Having effective health and safety procedures in place is vital in order to reduce the chances of accidents in the workplace. As well as reducing the possibility of accidents occurring in the first place, careful thought should also be given to determining the procedures that should be followed in the event of an accident, including who does what and when. Having a clear plan of action in place enables the damage (to a person, building/equipment or company's reputation) to be kept to a minimum. Having to think of what to do whilst an emergency is unfolding will lead to a delay in the necessary things being done, as well as key activities (e.g. fire sweeping during an evacuation) being forgotten about and not being done at all. |
These procedures form one of the major components of a firm's health and safety policy. It is easy to think of this as a document that just needs to be written once and then left, but it is vitally important to make sure that these procedures are constantly reviewed.
Virtually every workplace is continually changing, whether it be the people working within it, the machinery being used, the different products being produced etc. Whenever there is a change, some part of the existing procedures are likely to be affected. For example, the health and safety policy should detail who does what in response to an emergency like a fire, such as who is responsible for checking particular rooms or areas have been evacuated, who performs the role call when people have gathered at the fire assembly point etc. If one of those people leaves the company, somebody else needs to take over their duties, and this also needs to be clearly communicated. If this does not happen, the tasks may not get done at all, or different people may start doing them after completing their own duties, which could mean they get trapped by the fire.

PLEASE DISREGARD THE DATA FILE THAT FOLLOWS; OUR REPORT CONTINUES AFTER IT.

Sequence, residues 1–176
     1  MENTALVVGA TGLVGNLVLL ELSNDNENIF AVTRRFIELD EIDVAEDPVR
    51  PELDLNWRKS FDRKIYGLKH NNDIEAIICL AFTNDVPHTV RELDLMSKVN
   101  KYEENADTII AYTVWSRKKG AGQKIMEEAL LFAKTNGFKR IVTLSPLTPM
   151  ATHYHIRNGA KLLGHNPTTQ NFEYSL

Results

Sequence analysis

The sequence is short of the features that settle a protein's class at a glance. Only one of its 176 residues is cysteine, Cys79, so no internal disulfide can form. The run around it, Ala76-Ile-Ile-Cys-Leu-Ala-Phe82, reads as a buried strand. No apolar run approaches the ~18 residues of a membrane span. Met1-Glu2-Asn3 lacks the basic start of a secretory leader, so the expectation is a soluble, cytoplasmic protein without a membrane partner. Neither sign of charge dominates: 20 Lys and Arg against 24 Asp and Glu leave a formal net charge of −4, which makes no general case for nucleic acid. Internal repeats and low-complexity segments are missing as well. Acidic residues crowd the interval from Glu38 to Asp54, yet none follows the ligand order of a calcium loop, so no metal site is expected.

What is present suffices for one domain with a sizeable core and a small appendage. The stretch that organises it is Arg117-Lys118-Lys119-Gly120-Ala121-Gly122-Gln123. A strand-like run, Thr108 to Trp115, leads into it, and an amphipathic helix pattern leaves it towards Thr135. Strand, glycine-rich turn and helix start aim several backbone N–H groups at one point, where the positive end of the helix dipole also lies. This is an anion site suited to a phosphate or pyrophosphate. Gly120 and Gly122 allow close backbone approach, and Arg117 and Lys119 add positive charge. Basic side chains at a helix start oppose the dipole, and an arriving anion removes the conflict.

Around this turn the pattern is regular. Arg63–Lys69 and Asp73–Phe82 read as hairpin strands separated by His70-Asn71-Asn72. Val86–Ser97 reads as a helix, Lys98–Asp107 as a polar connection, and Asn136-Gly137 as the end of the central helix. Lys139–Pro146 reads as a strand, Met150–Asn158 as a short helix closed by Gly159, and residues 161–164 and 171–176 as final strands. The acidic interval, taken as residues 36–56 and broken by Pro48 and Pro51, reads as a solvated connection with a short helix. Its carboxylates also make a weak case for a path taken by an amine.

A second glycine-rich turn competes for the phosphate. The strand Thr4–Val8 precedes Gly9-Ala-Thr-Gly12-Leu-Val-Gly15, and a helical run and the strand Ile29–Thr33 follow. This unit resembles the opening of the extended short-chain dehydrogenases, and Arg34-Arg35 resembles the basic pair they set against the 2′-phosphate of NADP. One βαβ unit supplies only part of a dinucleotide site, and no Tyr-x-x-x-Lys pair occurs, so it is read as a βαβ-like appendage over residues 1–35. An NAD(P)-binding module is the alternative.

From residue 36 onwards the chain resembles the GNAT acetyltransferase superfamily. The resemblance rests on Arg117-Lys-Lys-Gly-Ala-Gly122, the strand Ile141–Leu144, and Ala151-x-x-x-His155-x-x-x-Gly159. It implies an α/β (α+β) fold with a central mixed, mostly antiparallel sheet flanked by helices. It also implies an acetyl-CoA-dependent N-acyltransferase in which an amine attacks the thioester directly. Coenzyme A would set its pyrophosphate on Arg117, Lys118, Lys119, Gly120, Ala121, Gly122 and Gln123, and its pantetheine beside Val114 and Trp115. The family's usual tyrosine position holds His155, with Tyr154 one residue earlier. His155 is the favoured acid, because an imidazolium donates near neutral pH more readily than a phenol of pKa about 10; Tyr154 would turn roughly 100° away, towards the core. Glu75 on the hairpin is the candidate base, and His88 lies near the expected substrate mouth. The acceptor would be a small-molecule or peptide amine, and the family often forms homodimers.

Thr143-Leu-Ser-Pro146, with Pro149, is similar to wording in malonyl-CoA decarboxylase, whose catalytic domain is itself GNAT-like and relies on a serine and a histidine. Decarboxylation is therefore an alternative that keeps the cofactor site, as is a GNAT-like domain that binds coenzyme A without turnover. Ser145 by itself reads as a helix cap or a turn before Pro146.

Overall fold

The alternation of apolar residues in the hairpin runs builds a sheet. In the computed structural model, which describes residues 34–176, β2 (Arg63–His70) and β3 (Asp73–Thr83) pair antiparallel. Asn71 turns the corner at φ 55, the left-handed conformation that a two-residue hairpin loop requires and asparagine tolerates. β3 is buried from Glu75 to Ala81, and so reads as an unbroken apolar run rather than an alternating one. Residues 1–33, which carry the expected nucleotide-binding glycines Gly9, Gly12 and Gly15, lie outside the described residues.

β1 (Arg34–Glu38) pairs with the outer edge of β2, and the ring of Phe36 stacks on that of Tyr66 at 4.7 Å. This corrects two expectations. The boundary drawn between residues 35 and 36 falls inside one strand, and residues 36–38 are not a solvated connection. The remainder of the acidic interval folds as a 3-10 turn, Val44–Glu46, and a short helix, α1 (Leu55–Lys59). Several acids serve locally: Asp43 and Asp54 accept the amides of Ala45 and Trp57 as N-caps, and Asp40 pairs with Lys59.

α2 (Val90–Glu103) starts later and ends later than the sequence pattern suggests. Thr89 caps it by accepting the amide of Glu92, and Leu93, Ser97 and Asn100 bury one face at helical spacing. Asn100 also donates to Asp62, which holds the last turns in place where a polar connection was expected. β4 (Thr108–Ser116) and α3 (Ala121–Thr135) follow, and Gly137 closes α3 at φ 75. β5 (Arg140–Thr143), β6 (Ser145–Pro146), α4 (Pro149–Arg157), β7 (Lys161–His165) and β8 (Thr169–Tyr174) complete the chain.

Different machinery also leads to a revision to the health and safety procedures being needed. There is little point in a worker knowing the procedures for shutting down the coal-fired power station when the whole thing was converted to gas-fuelled two years ago!
Obviously the above example is a little extreme, but it highlights that fact that the health and safety policy for a change in conditions, including new equipment, needs to be understood by existing workers, and isn't something that just needs to be read by new starters, as what they read when they started the job may be completely different to now.
Most companies will review and amend their health and safety policy and associated emergency procedures once a year. This is acceptable if there have been no particular changes, but if something has happened which affects the policy such as a change in personnel of those with a responsibility in an emergency, the policy should be changed and communicated to staff immediately. Even if it has been eleven months since you last reviewed your procedures and it is due to be looked at again in a month's time, an incident may occur within that month, and everybody needs to be clear on exactly who does what and when. It could save your life.
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